On the grass, a man was practicing short iron golf shots. Figure that every golf course was shut down for the time being, so he had to find somewhere to keep that smooth stroke alive.
In the nearby parking lot, a woman got out of a car she’d obviously slept in overnight with two small children.
Their breakfast? The trio shared from a gallon jug of water.
“That’s all we have right now,” said the woman.
Meanwhile, the center was closed due to the coronavirus.
This place had seen better days. An adjoining city library, all those ball fields and the superstar center all adds up to a good time for the neighborhood.
Not today. A city worker, driving a truck in the parking lot, seemed poised for a full day of assignments.
Lying beneath all that happiness was a pileup of suffering.
There was a discussion with the woman, and kids, about possible landing places for a meal.
“Where is that?” she asked. Before any address or directions could be offered up, she said, “Oh … I know that place.”
Footnote: Central Little League’s massive, well-manicured complex was going unused.
San Gorgonio High School — There were a pair of district employees on a work detail. One was masked. The other one, replacing a hose inside a school district truck, stood between the school’s swimming complex and the tennis courts. No mask.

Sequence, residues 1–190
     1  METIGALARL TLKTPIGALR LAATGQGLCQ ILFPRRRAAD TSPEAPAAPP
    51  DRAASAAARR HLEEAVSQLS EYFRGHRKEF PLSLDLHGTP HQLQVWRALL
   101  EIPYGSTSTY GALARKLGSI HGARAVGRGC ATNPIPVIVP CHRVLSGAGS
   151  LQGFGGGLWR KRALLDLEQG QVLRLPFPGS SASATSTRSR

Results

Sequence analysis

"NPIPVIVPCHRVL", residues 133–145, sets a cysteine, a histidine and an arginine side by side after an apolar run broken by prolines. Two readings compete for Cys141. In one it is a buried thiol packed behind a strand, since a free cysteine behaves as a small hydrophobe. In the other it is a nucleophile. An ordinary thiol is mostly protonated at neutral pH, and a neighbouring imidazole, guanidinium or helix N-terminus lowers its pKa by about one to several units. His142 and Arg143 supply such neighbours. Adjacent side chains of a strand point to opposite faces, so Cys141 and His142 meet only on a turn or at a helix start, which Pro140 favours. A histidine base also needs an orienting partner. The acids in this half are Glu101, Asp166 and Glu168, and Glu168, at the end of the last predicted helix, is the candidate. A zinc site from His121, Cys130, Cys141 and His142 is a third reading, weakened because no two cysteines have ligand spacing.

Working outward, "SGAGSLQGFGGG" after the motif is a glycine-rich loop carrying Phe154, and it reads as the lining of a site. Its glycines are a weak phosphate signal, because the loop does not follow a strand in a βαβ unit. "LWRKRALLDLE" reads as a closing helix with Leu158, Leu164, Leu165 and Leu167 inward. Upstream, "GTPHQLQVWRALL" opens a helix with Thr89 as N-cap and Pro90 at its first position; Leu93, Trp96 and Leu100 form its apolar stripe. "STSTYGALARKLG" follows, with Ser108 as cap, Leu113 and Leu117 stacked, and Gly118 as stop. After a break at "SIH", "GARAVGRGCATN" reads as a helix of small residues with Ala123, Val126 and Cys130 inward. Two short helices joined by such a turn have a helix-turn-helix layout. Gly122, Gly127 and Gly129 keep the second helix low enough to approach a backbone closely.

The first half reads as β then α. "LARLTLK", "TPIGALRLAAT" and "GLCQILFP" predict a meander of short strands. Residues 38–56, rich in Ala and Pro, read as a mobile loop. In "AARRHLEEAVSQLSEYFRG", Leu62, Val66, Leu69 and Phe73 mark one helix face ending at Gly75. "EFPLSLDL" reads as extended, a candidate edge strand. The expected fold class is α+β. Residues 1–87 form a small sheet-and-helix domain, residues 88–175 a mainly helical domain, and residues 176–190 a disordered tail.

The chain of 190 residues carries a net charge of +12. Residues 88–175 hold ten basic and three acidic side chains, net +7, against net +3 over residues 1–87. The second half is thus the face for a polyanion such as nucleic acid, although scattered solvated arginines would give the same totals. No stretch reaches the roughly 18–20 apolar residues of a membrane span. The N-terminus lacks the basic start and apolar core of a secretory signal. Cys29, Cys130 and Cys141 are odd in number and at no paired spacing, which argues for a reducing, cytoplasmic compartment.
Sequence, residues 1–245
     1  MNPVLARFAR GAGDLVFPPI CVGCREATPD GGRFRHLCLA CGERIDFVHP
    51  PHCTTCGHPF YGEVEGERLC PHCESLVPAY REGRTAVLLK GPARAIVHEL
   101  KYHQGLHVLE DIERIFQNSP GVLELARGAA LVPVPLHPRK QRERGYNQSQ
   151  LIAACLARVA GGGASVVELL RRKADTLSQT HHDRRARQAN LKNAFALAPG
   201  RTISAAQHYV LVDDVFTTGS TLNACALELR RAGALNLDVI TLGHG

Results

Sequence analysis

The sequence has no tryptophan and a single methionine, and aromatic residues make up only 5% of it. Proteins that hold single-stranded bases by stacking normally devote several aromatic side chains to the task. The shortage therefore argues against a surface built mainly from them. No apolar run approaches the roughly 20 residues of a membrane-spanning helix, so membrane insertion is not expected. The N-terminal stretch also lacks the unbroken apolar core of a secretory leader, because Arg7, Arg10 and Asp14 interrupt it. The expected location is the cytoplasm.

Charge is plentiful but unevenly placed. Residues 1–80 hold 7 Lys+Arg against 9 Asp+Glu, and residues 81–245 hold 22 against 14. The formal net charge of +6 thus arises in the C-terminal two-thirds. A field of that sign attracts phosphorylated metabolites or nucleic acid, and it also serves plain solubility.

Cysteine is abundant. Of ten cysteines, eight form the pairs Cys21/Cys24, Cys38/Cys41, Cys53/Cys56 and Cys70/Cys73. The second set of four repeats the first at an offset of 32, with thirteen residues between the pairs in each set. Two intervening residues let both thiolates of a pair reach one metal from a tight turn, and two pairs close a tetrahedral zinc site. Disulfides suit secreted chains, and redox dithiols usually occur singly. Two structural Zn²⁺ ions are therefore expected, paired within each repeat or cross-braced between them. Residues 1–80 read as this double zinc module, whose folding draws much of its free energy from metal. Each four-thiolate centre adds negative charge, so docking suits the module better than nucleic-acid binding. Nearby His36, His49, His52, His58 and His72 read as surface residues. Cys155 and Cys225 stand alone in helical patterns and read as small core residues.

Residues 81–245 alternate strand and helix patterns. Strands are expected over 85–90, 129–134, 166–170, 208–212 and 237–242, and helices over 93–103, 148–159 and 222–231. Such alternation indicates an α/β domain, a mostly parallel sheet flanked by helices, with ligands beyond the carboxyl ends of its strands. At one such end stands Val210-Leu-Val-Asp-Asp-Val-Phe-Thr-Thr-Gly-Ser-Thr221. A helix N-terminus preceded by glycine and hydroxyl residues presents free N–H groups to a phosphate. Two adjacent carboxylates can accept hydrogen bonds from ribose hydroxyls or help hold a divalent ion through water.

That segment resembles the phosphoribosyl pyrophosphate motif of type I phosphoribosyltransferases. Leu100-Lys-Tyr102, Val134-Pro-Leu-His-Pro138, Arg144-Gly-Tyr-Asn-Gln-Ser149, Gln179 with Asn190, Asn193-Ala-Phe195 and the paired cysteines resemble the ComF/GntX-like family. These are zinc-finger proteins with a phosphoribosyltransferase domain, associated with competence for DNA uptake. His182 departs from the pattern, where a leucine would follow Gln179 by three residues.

On a normal day, such a passway would be milling with students, male and female, carrying either a racket or wearing a Speedo.
“No one is allowed to be here,” said the masked worker.
The visitor had a brief purpose. “Be out of here in five minutes.”
No swimming. No tennis. No school.
Nearby Spartan Stadium, named for one time principal Phil Haley, at least was being used. A trio of athletes, a football in their possession, was involved in a workout. Pass patterns. A throwing drill. There was some social distance practicing going on. More than 10 yards separated each of the trio.
Everyone seemed to be healthy. There was some coaching taking place.
“Got to cut … got to cut it sharper,” one older male told another.
In reality, it was simple therapy. It was a positive vibe, for a change.
At the end of Arden Avenue, the southern end that dead-ends near the school’s empty varsity softball field, a homeless encampment was lined up along the fence.